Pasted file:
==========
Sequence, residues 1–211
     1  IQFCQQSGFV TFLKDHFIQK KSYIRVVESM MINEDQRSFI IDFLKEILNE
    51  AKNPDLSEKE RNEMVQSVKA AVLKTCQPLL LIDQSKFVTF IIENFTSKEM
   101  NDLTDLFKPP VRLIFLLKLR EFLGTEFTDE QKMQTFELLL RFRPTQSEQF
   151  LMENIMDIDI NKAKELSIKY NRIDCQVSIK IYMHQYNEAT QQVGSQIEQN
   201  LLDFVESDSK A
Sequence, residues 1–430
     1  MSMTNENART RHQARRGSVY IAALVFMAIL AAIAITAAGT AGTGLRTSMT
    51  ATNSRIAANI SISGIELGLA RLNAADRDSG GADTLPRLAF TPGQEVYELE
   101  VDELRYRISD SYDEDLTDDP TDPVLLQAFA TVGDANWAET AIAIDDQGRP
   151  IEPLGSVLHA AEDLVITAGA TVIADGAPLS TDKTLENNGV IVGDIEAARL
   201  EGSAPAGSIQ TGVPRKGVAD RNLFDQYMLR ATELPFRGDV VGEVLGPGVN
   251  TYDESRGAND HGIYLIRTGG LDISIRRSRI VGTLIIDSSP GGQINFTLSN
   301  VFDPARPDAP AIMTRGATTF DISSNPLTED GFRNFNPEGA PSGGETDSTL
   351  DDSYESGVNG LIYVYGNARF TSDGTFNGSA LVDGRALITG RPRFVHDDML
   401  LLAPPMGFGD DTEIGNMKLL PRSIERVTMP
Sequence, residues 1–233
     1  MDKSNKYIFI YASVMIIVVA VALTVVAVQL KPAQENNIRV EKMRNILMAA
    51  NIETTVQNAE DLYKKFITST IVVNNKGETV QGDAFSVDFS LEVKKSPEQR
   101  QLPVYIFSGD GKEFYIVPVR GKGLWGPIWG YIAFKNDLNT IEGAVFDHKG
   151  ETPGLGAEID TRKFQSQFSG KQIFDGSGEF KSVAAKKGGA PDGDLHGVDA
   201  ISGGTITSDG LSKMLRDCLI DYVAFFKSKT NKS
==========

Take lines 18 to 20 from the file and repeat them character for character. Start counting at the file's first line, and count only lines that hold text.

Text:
     1  MDKSNKYIFI YASVMIIVVA VALTVVAVQL KPAQENNIRV EKMRNILMAA
    51  NIETTVQNAE DLYKKFITST IVVNNKGETV QGDAFSVDFS LEVKKSPEQR
   101  QLPVYIFSGD GKEFYIVPVR GKGLWGPIWG YIAFKNDLNT IEGAVFDHKG